By Mark Shelley

Apply an inverse hyperbolic sine function to the image intensity while preserving the original color. [more]

Categories: IntensityTransformations

Keywords: arcsinh stretch, inverse hyperbolic sine, hyperbolic arcsine, intensity transformation, color preservation



1 Description


Arcsinh stretch is a method of stretching image data while preserving the orignal color (i.e. the original R,G,B ratios) in every pixel of the image. Color is retained from the very faintest object to the very brightest unsaturated star. Contrast this to a traditional gamma curve stretch where the brighter objects become desaturated (i.e. bleached) during the stretch.

The user interface has been kept as simple as possible. There are two important parameters: the black point and the stretch factor. The process also relies very heavily on the real-time preview window, so the results can be judged interactively while adjusting the sliders that control those two key parameters.

The ArcsinhStretch process is designed to be run on linear (i.e. unstretched) data which has been white balanced and background extracted. When using the real-time preview window, a screen transfer function should not be active because this will upset the appearance of the data in the real-time preview window.

2 Parameters


2.1 Stretch Factor

The Stretch factor slider has a logarithmic response which allows the same degree of relative control at each end of the scale, i.e. near 1 and near 1000. Values near 1.0 are useful when applying a second iteration of ArcsinhStretch, for instance.

Note that when stretching the faint signal, the background noise is amplified by the same stretch factor. This amplified background noise will typically be the main constraint on how much stretch you wish to apply. If the maximum stretch level of 1000 is insufficient, then a second iteration of ArcsinhStretch can be applied to the image.

In the example below, the black point has been set and a stretch factor of 50 has been used:

Increasing the stretch factor to 300 makes a big difference to this image:

Useful Hint: For some images it can be advantageous to apply the stretch iteratively. For instance, the example below shows the third iteration using a stretch factor of 6.70. Since the product of 6.7 three times is approximately 300 (6.7 × 6.7 × 6.7 = 300.7), the effect is similar but not identical to the above single stretch of 300. However, the iterative approach has made the nebulosity appear more dramatic.

2.2 Black Point

On the ArcsinhStretch interface it can be seen that the black point adjuster has two sliders. Users of the Convolution process will already be familiar with the concept of having two sliders to control a single parameter, one being a coarse adjustment and the other being a fine adjustment.

The lower slider of the two is for fine adjustment. Think of it as analogous to a fine focusing knob. The slider re-centers itself whenever you move the mouse away from the slider, so you can always finely adjust both up and down from the background level you already have.

The black point has six decimal places of precision, and using the keyboard Up/Down arrows on the fine adjustment slider will nudge the final digit. PgUp/PgDn gives an adjustment 10x as much. The mouse wheel gives an adjustment 3x as much. Failing that, just type the background number in the box—it's easy to overtype the final digit as required.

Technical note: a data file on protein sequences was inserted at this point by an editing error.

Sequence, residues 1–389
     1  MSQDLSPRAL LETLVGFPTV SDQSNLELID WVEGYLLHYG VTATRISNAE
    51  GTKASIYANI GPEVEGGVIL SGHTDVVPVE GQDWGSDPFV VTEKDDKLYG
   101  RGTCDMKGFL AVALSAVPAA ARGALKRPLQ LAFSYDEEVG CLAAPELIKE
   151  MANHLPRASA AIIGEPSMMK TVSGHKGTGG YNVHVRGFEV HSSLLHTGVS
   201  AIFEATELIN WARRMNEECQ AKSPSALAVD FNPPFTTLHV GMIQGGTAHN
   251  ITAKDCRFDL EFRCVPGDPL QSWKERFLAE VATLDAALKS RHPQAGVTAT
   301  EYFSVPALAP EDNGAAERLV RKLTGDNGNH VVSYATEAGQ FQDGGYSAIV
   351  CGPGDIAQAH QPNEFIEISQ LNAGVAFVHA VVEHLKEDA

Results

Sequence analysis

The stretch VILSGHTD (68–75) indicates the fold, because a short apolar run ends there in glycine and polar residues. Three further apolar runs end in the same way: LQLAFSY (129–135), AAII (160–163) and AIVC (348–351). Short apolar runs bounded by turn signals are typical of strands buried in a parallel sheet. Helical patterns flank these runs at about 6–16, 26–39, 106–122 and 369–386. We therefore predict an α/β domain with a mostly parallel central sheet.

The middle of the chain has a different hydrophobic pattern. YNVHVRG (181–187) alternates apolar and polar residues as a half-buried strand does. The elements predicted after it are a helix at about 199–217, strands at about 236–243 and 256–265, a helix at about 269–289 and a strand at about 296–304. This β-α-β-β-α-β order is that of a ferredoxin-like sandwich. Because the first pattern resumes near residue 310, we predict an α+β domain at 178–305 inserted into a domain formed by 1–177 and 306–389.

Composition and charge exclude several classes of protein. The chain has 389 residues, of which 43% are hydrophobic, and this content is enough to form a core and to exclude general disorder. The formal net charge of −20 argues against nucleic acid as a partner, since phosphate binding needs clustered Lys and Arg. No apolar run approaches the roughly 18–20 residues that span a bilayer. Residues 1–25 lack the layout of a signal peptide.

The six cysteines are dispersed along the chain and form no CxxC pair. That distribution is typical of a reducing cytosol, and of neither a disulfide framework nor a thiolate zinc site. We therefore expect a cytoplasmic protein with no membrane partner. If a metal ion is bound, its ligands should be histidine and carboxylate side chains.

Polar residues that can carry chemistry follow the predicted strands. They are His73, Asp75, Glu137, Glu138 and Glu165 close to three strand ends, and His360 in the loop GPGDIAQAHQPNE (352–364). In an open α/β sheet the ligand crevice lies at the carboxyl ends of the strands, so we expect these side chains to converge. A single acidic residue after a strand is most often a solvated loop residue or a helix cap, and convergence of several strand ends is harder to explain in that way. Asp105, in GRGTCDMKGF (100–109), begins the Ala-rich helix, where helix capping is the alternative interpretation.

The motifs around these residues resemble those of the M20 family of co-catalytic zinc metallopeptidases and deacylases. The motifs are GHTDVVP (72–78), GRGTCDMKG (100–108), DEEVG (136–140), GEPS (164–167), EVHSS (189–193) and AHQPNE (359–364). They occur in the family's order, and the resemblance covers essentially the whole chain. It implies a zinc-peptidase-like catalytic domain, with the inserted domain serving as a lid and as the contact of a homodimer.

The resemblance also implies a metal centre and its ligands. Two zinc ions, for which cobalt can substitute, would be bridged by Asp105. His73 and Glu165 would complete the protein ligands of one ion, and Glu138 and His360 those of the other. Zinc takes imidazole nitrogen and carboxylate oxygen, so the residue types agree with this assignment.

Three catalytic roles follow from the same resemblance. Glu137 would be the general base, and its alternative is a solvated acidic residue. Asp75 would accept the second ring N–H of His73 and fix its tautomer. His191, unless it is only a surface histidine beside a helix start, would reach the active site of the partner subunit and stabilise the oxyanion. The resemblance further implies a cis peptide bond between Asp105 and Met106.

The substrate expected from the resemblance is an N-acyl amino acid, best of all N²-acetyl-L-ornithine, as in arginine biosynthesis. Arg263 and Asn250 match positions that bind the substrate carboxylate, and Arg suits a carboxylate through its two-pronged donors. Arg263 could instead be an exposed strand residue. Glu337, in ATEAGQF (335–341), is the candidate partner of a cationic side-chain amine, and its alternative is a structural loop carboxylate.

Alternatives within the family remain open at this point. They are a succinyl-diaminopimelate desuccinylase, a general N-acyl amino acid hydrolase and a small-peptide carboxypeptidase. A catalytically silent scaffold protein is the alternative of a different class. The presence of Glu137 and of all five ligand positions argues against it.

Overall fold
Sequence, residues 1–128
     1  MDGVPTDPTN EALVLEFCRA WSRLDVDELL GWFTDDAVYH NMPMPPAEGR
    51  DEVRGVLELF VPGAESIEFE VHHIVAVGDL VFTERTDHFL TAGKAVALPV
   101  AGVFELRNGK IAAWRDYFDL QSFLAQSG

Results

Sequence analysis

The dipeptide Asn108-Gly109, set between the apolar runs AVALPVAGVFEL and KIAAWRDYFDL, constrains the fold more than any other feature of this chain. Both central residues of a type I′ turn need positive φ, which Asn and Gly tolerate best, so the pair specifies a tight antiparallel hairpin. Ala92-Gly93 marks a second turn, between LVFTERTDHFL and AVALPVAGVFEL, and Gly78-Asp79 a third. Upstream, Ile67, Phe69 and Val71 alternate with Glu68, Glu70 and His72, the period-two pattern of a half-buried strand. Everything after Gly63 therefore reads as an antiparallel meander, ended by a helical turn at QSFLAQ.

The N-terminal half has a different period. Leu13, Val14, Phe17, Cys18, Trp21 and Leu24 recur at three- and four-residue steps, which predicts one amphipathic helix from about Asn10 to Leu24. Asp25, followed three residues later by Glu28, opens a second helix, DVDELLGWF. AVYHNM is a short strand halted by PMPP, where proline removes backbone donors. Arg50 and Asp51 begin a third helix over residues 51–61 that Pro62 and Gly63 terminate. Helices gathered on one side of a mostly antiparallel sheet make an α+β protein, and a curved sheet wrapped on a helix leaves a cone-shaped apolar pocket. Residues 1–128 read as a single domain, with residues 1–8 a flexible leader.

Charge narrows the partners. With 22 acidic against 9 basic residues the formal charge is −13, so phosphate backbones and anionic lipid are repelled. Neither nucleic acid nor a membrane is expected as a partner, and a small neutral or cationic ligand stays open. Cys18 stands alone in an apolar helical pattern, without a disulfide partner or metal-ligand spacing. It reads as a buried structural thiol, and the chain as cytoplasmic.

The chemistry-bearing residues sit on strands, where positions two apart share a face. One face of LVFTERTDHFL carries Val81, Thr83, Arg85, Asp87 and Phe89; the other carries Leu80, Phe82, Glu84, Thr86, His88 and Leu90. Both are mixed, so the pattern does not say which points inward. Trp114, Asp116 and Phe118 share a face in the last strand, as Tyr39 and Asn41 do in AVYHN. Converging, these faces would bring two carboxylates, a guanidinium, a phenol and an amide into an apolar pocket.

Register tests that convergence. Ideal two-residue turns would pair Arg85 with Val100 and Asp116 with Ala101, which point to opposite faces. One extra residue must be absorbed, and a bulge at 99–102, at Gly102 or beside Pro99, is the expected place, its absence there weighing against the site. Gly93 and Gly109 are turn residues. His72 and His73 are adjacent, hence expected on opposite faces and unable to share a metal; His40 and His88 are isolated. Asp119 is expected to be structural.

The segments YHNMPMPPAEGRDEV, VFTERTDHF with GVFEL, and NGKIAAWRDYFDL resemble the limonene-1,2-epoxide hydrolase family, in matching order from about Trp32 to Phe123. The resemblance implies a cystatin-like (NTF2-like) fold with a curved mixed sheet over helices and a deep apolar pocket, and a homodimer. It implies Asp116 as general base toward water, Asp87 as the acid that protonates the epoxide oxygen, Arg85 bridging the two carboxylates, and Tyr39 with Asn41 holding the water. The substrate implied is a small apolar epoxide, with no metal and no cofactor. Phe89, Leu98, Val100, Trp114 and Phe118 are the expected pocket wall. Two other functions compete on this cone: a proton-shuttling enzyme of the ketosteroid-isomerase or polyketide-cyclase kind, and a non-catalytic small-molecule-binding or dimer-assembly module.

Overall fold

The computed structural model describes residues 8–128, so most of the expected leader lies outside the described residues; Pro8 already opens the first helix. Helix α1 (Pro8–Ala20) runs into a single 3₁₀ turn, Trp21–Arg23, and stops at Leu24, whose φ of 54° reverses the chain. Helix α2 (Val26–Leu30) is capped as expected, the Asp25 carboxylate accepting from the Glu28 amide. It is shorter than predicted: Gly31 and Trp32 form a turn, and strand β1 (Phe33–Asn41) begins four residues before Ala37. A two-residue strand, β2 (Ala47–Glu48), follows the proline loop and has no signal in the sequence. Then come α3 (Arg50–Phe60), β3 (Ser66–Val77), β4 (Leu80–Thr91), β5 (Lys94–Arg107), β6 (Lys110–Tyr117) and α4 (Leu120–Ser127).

When stretching by a factor of 100 or more, the very tiniest adjustment of the background value makes a very noticeable difference to the image, because its effects are also magnified by a factor of 100 or more! However, the keyboard keys Up, Down, PgUp, PgDn and the mouse wheel work fine for nudging the value.

Useful Hint: It is easiest to set the black point with the real-time preview window activated and with the highlight clipped values option enabled.

2.3 Protect Highlights

Stretching the image data can cause some data values to saturate (i.e. clip with a value of 1.0). The Protect highlights option will identify such pixels and linearly scale the whole image to avoid any individual pixel values becoming saturated. This will make the final image to appear darker.

For users who want a mathematical example of how such clipping can occur, consider an image pixel with RGB value (0.98, 0.25, 0.25). Since the luminance is less than 1.0, the image pixel will be stretched and this could force the red component to exceed 1.0 and therefore clip.

However, there is a known issue with the Protect highlights option. Under some circumstances the stretched image will end up darker than indicated by its real-time preview. This is because the real-time preview works on a smaller sample of the whole image and may not see some of the brighter pixels that exist in the entire image.

2.4 Use RGB Working Space

By default, the luminance value of the pixel is calculated from equally weighted RGB values (1/3, 1/3, 1/3). Setting the Use RGB working space option will use whatever weights are used by the current RGB Working Space (RGBWS); e.g. (0.22, 0.72, 0.06). These weights can be changed by applying the RGBWorkingSpace process to the data. This can have subtle but interesting results because although individual pixels will still have the correct color balance after stretching, the RGBWS can affect the look of the image as a whole by for instance, emphasizing or de-emphasizing areas of red H-alpha emissions or blue reflection nebulosity.

3 Usage


The ArcsinhStretch process has been designed to be simple, intuitive, and fast to use. When using it for the first time, simply perform the following steps:

  • Ensure the source image window has no screen transfer function (STF) active.
  • Activate the real-time preview window and click the Estimate Black Point button.
  • Increase the amount of stretch until the faint data appears.
  • Finely adjust the black point to increase/decrease the number of pixels that are being clipped to zero.
  • Apply the stretch to the image (by dragging the New Instance icon to the image, by clicking the Apply button, or by pressing F5).